American government is like a train on a track. You have the people on the left shouting; you have the people on the right. But the train's on track. They just keep ploughing ahead.

But why had he always felt so strongly the magnetic pull of home, why had he thought so much about it and remembered it with such blazing accuracy, if it did not matter, and if this little town, and the immortal hills around it, was not the only home he had on earth? He did not know. All that he knew was that the years flow by like water, and that one day men come home again.

Each moment is the fruit of forty thousand years. The minute-winning days, like flies, buzz home to death, and every moment is a window on all time.

Forever, Horizon, Glimpse save quote report

I believe that we are lost here in America, but I believe we shall be found. And this belief, which mounts now to the catharsis of knowledge and conviction, is for me--and I think for all of us--not only our own hope, but America's everlasting, living dream.

I realized instinctively that if I were going to write vignettes of contemporary life, which is what I was doing constantly for New York, I wanted all the sounds, the looks, the feel of whatever place I was writing about to be in this vignette. Brand names, tastes in clothes and furniture, manners, the way people treat children, servants, or their superiors, are important clues to an individual's expectations. This is something else that I am criticized for, mocked for, ridiculed for. I take some solace in the fact that the leading critic of Balzac's day, Sainte-Beuve, used to say the same thing about Balzac's fixation on furniture.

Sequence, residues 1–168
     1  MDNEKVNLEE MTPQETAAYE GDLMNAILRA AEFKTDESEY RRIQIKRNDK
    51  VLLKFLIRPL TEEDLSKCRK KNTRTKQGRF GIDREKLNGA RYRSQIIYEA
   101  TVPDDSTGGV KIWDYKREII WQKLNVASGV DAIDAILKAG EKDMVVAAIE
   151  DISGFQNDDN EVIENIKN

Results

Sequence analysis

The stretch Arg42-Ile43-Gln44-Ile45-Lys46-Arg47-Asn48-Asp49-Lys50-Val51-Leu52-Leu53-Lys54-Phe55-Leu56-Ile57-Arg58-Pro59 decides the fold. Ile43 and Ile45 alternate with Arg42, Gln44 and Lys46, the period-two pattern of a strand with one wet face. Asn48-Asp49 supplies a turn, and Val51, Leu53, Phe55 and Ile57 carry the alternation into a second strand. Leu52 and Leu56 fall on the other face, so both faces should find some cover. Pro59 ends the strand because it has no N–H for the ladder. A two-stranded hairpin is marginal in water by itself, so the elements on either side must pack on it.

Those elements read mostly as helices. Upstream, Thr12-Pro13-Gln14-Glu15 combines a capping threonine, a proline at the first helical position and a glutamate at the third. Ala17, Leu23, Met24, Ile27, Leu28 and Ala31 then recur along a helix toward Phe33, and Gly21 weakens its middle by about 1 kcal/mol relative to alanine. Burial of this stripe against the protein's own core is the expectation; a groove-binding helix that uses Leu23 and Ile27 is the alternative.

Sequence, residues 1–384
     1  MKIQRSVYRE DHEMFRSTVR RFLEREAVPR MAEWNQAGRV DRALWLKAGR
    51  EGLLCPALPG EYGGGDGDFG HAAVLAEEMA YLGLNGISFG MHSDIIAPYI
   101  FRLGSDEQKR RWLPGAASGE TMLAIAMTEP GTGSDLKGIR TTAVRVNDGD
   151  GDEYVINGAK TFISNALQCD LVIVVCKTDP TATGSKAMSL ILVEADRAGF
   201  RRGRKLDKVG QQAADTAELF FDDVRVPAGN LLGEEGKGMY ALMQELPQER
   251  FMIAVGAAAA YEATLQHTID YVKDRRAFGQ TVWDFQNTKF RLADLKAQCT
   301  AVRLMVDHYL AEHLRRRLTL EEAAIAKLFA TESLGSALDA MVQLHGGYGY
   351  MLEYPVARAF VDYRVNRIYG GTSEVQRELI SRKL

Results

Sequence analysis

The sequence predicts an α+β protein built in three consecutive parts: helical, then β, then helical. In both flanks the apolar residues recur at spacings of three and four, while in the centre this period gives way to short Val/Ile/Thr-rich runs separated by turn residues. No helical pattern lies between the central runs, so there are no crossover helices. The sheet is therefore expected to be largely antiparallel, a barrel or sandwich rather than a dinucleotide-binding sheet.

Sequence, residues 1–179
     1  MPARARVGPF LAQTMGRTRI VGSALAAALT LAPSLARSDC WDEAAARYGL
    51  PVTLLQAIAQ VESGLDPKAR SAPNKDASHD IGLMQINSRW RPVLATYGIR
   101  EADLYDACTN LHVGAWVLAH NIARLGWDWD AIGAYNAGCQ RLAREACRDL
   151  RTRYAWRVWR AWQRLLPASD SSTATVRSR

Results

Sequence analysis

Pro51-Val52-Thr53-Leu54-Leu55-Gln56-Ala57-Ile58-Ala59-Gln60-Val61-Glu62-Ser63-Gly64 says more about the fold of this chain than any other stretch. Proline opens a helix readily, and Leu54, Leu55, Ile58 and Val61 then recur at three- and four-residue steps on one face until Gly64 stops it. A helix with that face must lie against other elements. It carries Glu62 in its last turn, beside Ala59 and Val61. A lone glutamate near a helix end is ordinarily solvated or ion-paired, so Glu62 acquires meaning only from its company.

If you label it this, then it can't be that.

It worked so far out beyond the frontiers of conventional studio art that they have no names themselves for the forms they create.

Most of the time we think we're sick, it's all in the mind.

Of all I have ever seen or learned, that book seems to me the noblest, the wisest, and the most powerful expression of man's life upon this earth ? and also the highest flower of poetry, eloquence, and truth. I am not given to dogmatic judgments in the matter of literary creation, but if I had to make one I could say that Ecclesiastes is the greatest single piece of writing I have ever known, and the wisdom expressed in it the most lasting and profound.

So all were gone at last, one by one, each swept out into the mighty flood tide of the city's life, there to prove, to test, to find, to lose himself, as each man must--alone.

The country is so large that it can not be said that there is only October.

A liberal is a conservative who has been arrested.

Among other things Jonestown was an example of a definition well known to sociologists of religion: a cult is a religion with no political power.

By God, I shall spend the rest of my life getting my heart back, healing and forgetting every scar you put upon me when I was a child. The first move I ever made, after the cradle, was to crawl for the door, and every move I have made since has been an effort to escape.

Author Picture
First Name
Tom
Last Name
Wolfe, fully Thomas Kennerly "Tom" Wolfe
Birth Date
1931
Bio

American Author and Journalist, Influenced the New Journalism Literary Movement, known for The Right Stuff, The Last American Hero, The Bonfire of the Vanities, Almost Heroes